In FIG. 1, a plural section telescopic antenna 10 includes three telescopically arranged sections 11-13 of the antenna mast which can be retracted into a base section 16 which is typically mounted beneath a fender, cowl, or the like, of a passenger automobile. A laterally extending tab is included on the top of section 16 for such mouhting. A coaxial cable stud 17 is provided for coupling the illustrated sections electrically to a suitable AM/FM band radio receiver. An electric motor such as the 12-volt direct current motor 18, is controlled (by connections not shown) for selectably actuating a reel, or spool, mechanism in a housing 19 to extend or retract a coaxial cable 20 (in FIGS. 2-4). The cable extends through the various antenna sections 12, 13, and 16 and into the section 11 where it is secured in a manner which will be described for transferring mechanical forces for extending or retracting the antenna sections. A coaxial cable stud, or connector, 21 is mounted on the axis of rotation of the reeling assembly in housing 19 and connected within the reel to the cable 20. The reel assembly is advantageously provided with a circumferential gear rack which is cooperatively engaged with a worm gear driven by motor 18. Cable 20 replaces the flexible, nonconducting rod or cable usually found in powered telescopic antenna systems for coupling driving forces to the telescopable sections.
In FIG. 2, the antenna section 11 is shown in enlarged scale within the upper end of section 12. In this side view, the section elements are shown in cross section taken vertically through the center line of the antenna of FIG. 1 and looking in from the vantage of a viewer of FIG. 1. Section 11 is arranged to operate as a high frequency, center-fed, half-wave dipole antenna in, for example, the 850 megahertz cellular radio band; and it comprises four parts, each approximately one-quarter wavelength long at approximately the center of the high frequency band in which the antenna of this section is to operate.
Cable 20 is advantageously flexible, 50-ohm cable having an outer diameter somewhat smaller than the inside diameter of antenna section 12, and it is spliced near the top of that section to a rigid, smaller diameter, 50-ohm, coaxial rod 28. A center conductor 29 of the rod 28 extends through a cylindrical member 30 of dielectric material, such as a hard TEFLON rod, for lateral rigidity. A cap 31 of similar material is secured to the top of cylinder 30, and its outside diameter is large enough to act as a stop when it encounters section 12 during retraction of the sections. Both inner conductor 29 and outer conductor 24 of rod 28 are advantageously made of copper clad steel, copper coated inside and outside, to enhance antenna operation. In fact, the portion of conductor 29 in cylinder 30 is the upper half of a vertical, center-fed, half-wave, dipole antenna of the type described in, for example, Antenna Engineering Handbook, edited by H, Jasik, McGraw-Hill Book Company, 1961, at pages 22-2 through 22-14. Cylinder 30 is bonded to the upper end of rod 28 and to an annular electrical connection 25 between the upper tip of the outer conductor 24 of rod 28 and a conductive sleeve, or skirt, 32 which encloses the quarter-wave length portion of rod 28 just below cylinder 30. Lateral rigidity at the bond is improved by extending the upper end of skirt 32 and bonding cylinder 30 therein to prevent articulation at the joint. The skirt 32 comprises the lower half of the dipole antenna and is fed at its upper end by the outer conductor 24 of the rod 28. An interspace between skirt 32 and the outer conductor of rod 28 is advantageously filled partly with air and partly with an upper section of a cylinder 33 of dielectric material, such as hard Teflon, which encloses approximately three, quarter-wave, length portions of rod 28. The length of the portion of cylinder 33 which is inside skirt 32 is selected to determine the length of an air pocket 44 above the cylinder 33. A length for that air pocket is selected to make the electrical length of the inside longitudinal path of the skirt longer than the outside path thereof to compensate for antenna end effect. This skirt arrangement creates a quarter-wavelength cavity between the inner surface of skirt 32 and the outer surface of conductor 24 thereby producing a high impedance at the lower end of skirt 32. Skirt 32 is preferably made of copper clad steel, copper coated inside and outside again to enhance its operation as part of an antenna. A further improvement can be realized by silver plating skirt 32, its connection to rod 28, and both conductors of rod 28.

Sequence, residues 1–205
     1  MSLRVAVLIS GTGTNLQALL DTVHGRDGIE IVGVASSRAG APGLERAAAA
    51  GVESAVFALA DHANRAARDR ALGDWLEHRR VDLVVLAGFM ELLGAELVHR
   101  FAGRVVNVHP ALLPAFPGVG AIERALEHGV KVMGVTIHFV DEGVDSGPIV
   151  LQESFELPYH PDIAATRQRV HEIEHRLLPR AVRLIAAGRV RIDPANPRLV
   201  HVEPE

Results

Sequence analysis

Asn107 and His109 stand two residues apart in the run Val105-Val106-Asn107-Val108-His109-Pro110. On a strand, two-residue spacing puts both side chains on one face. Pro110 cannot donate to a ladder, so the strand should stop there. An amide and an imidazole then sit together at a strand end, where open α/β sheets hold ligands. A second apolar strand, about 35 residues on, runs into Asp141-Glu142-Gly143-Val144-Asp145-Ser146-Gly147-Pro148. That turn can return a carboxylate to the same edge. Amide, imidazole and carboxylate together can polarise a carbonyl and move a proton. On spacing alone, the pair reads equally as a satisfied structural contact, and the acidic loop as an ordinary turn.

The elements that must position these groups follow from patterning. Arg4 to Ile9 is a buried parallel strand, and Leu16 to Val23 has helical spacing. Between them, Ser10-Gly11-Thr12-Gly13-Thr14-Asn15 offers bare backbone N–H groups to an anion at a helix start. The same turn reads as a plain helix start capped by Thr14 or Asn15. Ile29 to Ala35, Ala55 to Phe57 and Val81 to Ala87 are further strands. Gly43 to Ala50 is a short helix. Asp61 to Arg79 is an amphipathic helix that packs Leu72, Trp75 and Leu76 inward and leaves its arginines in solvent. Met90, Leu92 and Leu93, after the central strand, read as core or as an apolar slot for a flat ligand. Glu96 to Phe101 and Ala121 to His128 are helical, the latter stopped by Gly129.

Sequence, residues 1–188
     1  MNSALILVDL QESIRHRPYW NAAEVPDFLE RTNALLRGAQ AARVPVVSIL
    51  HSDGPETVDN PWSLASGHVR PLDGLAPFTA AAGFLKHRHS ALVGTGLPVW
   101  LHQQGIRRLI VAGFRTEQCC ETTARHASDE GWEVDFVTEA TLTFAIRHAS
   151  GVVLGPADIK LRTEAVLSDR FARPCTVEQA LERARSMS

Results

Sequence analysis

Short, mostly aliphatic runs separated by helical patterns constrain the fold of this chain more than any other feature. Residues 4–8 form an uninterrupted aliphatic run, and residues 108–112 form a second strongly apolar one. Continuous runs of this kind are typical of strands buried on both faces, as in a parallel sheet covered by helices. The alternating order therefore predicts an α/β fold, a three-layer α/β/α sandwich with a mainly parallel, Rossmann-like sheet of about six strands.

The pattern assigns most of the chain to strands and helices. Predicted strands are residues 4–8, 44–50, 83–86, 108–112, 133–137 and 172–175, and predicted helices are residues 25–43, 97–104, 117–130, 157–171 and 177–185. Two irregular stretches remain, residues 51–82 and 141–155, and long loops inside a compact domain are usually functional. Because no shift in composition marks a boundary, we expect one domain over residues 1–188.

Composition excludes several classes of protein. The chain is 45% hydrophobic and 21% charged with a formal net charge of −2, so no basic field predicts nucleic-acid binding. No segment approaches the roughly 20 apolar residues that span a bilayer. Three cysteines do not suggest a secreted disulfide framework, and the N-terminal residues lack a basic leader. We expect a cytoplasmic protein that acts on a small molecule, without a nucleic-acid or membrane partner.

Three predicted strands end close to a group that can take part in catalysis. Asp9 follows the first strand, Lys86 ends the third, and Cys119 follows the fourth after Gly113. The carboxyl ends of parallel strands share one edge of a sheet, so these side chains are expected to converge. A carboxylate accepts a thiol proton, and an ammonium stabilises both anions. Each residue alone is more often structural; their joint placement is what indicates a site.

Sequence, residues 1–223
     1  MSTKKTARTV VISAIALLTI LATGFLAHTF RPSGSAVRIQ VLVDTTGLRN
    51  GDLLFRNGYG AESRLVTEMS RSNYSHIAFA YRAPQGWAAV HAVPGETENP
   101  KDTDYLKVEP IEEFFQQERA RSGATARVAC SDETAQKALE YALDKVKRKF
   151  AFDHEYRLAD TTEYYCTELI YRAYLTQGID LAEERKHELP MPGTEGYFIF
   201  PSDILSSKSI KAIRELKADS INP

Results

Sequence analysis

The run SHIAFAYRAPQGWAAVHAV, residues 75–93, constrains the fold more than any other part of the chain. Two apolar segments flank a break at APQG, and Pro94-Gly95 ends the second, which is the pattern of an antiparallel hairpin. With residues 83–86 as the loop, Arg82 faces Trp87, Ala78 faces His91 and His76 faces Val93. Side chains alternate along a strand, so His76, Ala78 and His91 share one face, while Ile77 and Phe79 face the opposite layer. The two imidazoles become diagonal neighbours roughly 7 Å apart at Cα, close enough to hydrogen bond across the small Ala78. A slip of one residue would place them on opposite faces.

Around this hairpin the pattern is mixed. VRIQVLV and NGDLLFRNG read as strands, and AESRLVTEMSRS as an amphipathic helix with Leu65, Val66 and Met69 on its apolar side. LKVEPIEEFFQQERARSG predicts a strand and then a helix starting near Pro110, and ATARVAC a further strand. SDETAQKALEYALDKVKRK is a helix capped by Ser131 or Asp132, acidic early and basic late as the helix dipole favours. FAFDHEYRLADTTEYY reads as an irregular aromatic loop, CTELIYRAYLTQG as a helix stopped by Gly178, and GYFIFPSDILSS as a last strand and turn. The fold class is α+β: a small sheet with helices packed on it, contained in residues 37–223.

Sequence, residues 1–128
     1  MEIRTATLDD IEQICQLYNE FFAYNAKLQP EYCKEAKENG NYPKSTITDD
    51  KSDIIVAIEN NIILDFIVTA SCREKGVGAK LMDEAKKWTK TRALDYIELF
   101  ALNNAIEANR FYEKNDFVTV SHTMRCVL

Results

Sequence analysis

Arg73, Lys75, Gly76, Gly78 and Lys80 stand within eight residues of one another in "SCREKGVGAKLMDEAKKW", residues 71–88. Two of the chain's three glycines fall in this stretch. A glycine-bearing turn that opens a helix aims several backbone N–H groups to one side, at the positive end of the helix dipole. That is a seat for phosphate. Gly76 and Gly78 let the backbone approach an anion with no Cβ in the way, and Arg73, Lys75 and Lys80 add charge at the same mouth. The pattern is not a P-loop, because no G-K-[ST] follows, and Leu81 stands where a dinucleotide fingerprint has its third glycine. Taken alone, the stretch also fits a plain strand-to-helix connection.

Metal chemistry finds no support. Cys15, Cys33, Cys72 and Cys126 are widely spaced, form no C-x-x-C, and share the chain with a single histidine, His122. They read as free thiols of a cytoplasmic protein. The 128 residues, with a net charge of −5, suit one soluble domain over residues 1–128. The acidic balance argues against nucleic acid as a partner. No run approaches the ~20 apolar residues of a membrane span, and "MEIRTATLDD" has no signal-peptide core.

Next below skirt 32 is another quarter-wave length of cylinder 33. This length has an enlarged outside diameter equal to the outside diameter of skirt 32. This enlarged diameter section of cylinder 33 helps to provide electrical isolation between the dipole antenna and the antenna section 12. Further isolation is provided by a rigid, coaxial, copper clad, steel choke 36 enclosing the next lower, quarter-wave, length end of rod 28. Choke 36 has an outside diameter equal to that of skirt 32 and of cylinder 33. This arrangement of cylinder 33 causes a high impedance point to be present at the upper end of choke 36 thereby enhancing the appearance of choke 36 as a ground plane insofar as the half-wave dipole above is concerned. By having the high frequency section 11 of the antenna assembly at the top, and RF isolated by the choke 36, the transmission and reception functions are improved over what they are when the high frequency antenna is mounted using the body of the car as a ground plane. This is because variations in the car body contours have less effect on antenna operation.